• Consequently, the spectroscopic system can be calibrated by means of the control unit in a plurality of different ways, either by translating the spatial light manipulation means, by modifying or reconfiguring the spatial light manipulation means, by rotating or translating the dispersive optical element or by calibrating or tuning the light source that generates the excitation radiation. Calibration of the spectroscopic system may be performed on the basis of a single one or on the basis of several ones of the above described calibration techniques. For example, calibration of the spectroscopic system can be performed by tuning the laser light source in combination with a translation of the spatial light manipulation means. The various calibration techniques may either be performed simultaneously or sequentially or in any other arbitrary order.
  • According to a further preferred embodiment of the invention, the at least first detector further comprises a segmented detector that has at least two separate detector segments that are separated along the first direction. like e.g. a split detector. In this way a misalignment of the spatial light manipulation means can be directly classified. Whenever a detector segment detects a transmitted intensity that is larger than the intensity detected by the other detector segment, this gives a clear indication that the spatial light manipulation means are improperly positioned within the optical analysis system. Depending on the arrangement of the two detector segments, also the direction of the spatial light manipulation means' misplacement can be determined. This allows for a faster calibration of the optical analysis system.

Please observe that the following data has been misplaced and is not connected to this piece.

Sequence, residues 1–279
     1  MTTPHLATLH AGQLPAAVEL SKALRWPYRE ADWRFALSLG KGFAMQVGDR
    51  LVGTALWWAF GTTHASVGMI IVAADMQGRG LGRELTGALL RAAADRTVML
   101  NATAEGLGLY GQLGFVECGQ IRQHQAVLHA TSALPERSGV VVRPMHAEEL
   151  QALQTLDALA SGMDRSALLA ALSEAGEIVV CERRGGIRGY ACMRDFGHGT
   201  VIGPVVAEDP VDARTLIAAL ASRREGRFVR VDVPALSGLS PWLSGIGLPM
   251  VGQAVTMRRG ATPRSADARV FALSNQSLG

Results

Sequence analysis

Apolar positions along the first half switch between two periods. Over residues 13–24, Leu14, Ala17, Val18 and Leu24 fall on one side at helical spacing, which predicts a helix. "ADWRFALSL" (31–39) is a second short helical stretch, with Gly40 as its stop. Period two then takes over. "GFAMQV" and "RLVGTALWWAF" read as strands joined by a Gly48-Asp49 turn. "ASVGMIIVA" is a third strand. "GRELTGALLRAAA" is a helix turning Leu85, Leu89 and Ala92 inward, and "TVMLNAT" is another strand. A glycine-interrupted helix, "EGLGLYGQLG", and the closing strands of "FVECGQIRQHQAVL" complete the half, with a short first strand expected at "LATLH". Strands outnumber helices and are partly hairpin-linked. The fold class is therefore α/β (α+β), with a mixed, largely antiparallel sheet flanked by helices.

• According to a further preferred embodiment of the invention, the at least first detector is directly integrated into the spatial light manipulation means at the first position. The at least first detector is either rigidly attached behind the slit aperture of the spatial light manipulation means or when available in an appropriate size, the detector itself may represent the slit aperture. In both cases no further optical components are required to transmit or to focus the light that has been transmitted through the reference segment onto the at least first detector.
  • In another aspect the invention provides a method of calibrating a spectroscopic system that has a light source for generating an excitation radiation and an objective for collecting return radiation from a volume of interest. The return radiation is generated on the basis of scattering processes induced by the excitation radiation inside the volume of interest. The spectroscopic system further has a dispersive optical element for spatially separating spectral components of the return radiation in a first direction and spatial light manipulation means for modulating the spectral components of the return radiation. The method of calibrating of the spectroscopic system comprises detecting radiation that is transmitted through a reference segment of the light manipulation means by means of an at least first detector. The reference segment is at least partially transparent for the excitation radiation and is located at a first position on the spatial light manipulation means. The method of calibrating further comprises calibrating the spectroscopic system on the basis of radiation being detected by means of the at least first detector.